Date set for Sun stockholders to vote on Oracle merger

Sun Microsystems has announced that a special meeting of it's Board of Directors has approved a July 16, 2009 date for a special stockholder meeting to vote on the adoption of the proposed merger agreement with Oracle Corporation.

On April 20, 2009, the companies jointly announced the merger. The transaction is valued at approximately $7.4 billion USD, with Oracle purchasing Sun stock with cash for $9.50 per share, a premium of nearly $3 per share over previous market value. Sun's Board of Directors had already unanimously approved the transaction and it is anticipated to close this summer, subject to this stockholder vote and regulatory approval.

In March 2009, IBM had previously expressed interest in purchasing Sun, for $7 billion USD, but withdrew the offer, citing concerns about executive compensation, a few weeks before Oracle made their bid.

Larry Ellison, Oracle's chief executive, has described Sun's Java platform as "the single most important software asset we have ever acquired."

In November 2008, Sun announced they would lay off 6,000 workers (about 18% of their global workforce) in order to cut operational costs. This is in addition to the 2,500 jobs that were cut in May of that year. At that time, Sun said they had posted a net loss of $1.7 billion USD, that year.

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4 Comments

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Sun never told any UK employees before they did this whole merger thing with Oracle. They've let people go (but always on "it's the economy!" grounds mostly up to now, but hopefully we'll not see the great number of job losses here that we've seen in the US with Sun over the past few months.

PS I agree with n_K that there are serious issues here for the open source community, especially mysql.

Hope ALL vote AGAINST this, would mean mysql basically gets screwed over, no more upgrades or they'd bug it on purpose so everyone has to get oracle... I've nearly (unfortunatly) finished my oracle online course and I'd wish that I'd have never started; absolute rubbish, incompatible commands and full of stuff I couldn't care about, I hope I never EVER have to use such an appauling disorganised database system in my life.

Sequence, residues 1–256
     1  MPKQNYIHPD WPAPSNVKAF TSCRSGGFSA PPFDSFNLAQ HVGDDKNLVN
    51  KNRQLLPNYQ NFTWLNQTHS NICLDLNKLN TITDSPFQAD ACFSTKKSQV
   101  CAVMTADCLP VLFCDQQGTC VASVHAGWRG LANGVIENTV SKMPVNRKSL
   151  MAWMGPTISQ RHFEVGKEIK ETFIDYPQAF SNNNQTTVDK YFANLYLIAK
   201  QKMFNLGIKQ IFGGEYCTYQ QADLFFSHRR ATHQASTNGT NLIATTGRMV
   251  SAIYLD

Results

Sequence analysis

i don't get you complain about Oracle. Oracle support ANSI SQL, also MySQL but when you want to do some out-of-the-specification sql command then you can't expect full compatibility. In any case, any command done under mysql can be done in Oracle, the opposite sometimes is not possible at all.

For example :
SQL SERVER : Select top 10 * form table.
MYSQL :Select * from table limit 10
Oracle :Select * from table where rownum

Magallanes said,
i don't get you complain about Oracle. Oracle support ANSI SQL, also MySQL but when you want to do some out-of-the-specification sql command then you can't expect full compatibility. In any case, any command done under mysql can be done in Oracle, the opposite sometimes is not possible at all.

For example :
SQL SERVER : Select top 10 * form table.
MYSQL :Select * from table limit 10
Oracle :Select * from table where rownum

It's possible with rownum to upper limit a query but when you want to use a lower limit or sort the query it's not really a "beautiful" to do it. It's even a really ugly way to do it. We have Oracle 10g here and since rownum is done before the order statement if you do rownum < 10 you will get the first 10 rows the BD will return before any order statement. If you want to select the first 10 lines sorted you need to do a select included in another select and add rownum as a column returned by the first ordered select statement. You need to do the same trick if you want to get a lower limit since rownum > 10 doesn't work in the first select statement.

SELECT junk FROM (SELECT rownum as RN, junk FROM SOME_JUNK ORDER BY junk_unindexed) WHERE RN < 10
SELECT junk FROM (SELECT rownum as RN_INCREMENTED, junk FROM SOME_JUNK WHERE ROWNUM < 10) WHERE RN_INCREMENTED > 2